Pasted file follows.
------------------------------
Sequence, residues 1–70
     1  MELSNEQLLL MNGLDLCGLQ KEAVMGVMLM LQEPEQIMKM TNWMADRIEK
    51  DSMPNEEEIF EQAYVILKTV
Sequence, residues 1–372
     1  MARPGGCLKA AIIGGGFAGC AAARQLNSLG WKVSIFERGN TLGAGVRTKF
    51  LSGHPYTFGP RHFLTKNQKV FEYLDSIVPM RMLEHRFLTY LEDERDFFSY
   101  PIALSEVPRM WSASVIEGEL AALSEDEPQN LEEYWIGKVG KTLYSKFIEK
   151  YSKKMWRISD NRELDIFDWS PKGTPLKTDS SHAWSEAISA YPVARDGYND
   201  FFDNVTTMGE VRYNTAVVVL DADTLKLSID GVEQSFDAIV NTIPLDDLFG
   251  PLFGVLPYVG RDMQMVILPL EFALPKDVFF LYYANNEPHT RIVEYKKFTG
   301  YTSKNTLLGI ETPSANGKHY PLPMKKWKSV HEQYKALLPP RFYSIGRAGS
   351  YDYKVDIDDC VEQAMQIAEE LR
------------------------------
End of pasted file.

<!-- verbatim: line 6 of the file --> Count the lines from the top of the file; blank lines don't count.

    51  LSGHPYTFGP RHFLTKNQKV FEYLDSIVPM RMLEHRFLTY LEDERDFFSY